Aceramic dry distillation of birch bark tar (2009)


Sixteen attempts were made to produce birch bark tar without the use of ceramic containers. The starting point for the experiments were the finds of ancient birch bark tar, from Königsaue in Germany and tooth marks on several Scandinavian Mesolithic specimens.


A variety of structures were created to try and replicate the production of birch bark tar without pottery.




The experiments were performed in paired structures to simultaneously observe similar variables. A number of structures were pits of various depth, piled with dried birch bark and sealed with sand and turf, then a fire was lit on top.

However, the temperatures seemed not to reach those necessary for tar distillation, therefore the piles were eventually placed above ground and surrounded by fire.


Experiments were also conducted with birch bark sheets laid flat underground and covered with turf, to observe the effects of time as a variable in the experiments.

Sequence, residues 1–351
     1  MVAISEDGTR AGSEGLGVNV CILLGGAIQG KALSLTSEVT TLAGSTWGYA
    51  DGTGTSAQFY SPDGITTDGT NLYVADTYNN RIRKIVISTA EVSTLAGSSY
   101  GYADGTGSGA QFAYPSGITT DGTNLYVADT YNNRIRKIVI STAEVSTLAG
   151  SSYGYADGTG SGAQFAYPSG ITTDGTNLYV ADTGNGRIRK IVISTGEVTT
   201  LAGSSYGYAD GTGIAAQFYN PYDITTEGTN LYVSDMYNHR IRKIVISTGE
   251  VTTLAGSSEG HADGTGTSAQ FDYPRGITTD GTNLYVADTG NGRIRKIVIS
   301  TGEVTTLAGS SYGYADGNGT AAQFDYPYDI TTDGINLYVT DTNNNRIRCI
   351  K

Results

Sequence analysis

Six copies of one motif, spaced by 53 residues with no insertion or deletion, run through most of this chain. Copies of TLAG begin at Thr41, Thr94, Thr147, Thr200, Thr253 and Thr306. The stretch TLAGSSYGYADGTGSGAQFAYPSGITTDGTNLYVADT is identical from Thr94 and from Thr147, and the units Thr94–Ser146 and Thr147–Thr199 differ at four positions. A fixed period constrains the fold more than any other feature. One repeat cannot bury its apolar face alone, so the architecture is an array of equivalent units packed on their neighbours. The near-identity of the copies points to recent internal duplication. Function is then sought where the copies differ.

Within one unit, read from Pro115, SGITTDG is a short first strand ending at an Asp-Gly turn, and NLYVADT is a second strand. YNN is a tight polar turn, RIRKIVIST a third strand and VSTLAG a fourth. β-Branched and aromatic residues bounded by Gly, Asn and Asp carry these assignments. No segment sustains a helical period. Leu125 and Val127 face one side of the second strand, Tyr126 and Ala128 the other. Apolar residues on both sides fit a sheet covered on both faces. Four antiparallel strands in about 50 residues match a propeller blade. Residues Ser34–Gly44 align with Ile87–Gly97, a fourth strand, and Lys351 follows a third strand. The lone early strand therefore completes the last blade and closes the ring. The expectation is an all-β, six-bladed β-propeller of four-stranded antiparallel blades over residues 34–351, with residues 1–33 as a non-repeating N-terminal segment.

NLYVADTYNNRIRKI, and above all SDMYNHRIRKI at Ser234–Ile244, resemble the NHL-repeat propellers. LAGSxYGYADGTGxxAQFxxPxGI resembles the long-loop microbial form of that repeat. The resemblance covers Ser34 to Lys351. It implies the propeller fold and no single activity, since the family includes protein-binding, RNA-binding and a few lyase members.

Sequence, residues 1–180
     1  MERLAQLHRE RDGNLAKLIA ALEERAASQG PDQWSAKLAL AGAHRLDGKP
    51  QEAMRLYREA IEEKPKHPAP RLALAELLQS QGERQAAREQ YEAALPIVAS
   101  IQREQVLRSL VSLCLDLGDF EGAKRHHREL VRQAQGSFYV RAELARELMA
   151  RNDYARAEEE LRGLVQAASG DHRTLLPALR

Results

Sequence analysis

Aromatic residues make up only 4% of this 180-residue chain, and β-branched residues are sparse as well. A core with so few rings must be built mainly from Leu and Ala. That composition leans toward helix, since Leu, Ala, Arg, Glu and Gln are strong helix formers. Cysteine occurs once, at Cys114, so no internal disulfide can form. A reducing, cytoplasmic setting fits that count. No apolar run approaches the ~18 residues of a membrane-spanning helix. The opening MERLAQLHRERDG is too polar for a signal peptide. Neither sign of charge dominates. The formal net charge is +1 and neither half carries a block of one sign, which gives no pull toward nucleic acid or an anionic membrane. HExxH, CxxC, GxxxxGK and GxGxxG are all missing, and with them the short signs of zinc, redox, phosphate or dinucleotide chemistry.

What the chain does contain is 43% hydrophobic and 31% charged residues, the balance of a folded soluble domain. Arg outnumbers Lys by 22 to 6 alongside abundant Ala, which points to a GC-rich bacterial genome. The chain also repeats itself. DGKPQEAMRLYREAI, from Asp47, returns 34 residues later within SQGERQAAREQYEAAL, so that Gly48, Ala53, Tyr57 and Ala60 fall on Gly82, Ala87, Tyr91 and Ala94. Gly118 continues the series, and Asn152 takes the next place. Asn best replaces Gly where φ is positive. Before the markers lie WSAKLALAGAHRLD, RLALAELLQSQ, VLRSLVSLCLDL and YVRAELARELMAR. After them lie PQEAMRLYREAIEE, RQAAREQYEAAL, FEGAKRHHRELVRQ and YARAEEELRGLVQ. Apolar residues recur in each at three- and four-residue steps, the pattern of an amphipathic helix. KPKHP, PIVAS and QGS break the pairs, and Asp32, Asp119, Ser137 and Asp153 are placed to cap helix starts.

None of the experiments resulted in useable tar, however, two showed evidence of the initial stages of tar production.



The publication of the experiments can be found in Archaeological and Anthropological Sciences 2013 vol 5 issue 3, or online here.



The experiments were undertaken in collaboration with public archaeologist Grethe Moéll Pedersen, and Sagnlandet, Lejre, Denmark, provided us with the facilities and necessary funding.


The project is registered at Sagnlandet under reference no J.W. 12/09.



Our most recent experiments built on the results of this work.


Our latest publication is available at”. Here



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